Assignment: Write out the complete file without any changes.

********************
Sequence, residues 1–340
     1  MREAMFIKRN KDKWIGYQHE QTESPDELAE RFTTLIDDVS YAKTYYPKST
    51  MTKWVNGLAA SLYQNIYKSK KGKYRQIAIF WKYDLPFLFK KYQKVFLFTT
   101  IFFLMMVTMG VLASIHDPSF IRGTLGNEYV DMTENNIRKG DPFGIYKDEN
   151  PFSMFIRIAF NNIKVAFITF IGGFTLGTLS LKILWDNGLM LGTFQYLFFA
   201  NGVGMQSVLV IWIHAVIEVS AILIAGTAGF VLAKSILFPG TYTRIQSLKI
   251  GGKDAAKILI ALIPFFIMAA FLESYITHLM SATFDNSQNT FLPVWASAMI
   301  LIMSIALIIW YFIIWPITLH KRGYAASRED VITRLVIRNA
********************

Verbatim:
Sequence, residues 1–340
     1  MREAMFIKRN KDKWIGYQHE QTESPDELAE RFTTLIDDVS YAKTYYPKST
    51  MTKWVNGLAA SLYQNIYKSK KGKYRQIAIF WKYDLPFLFK KYQKVFLFTT
   101  IFFLMMVTMG VLASIHDPSF IRGTLGNEYV DMTENNIRKG DPFGIYKDEN
   151  PFSMFIRIAF NNIKVAFITF IGGFTLGTLS LKILWDNGLM LGTFQYLFFA
   201  NGVGMQSVLV IWIHAVIEVS AILIAGTAGF VLAKSILFPG TYTRIQSLKI
   251  GGKDAAKILI ALIPFFIMAA FLESYITHLM SATFDNSQNT FLPVWASAMI
   301  LIMSIALIIW YFIIWPITLH KRGYAASRED VITRLVIRNA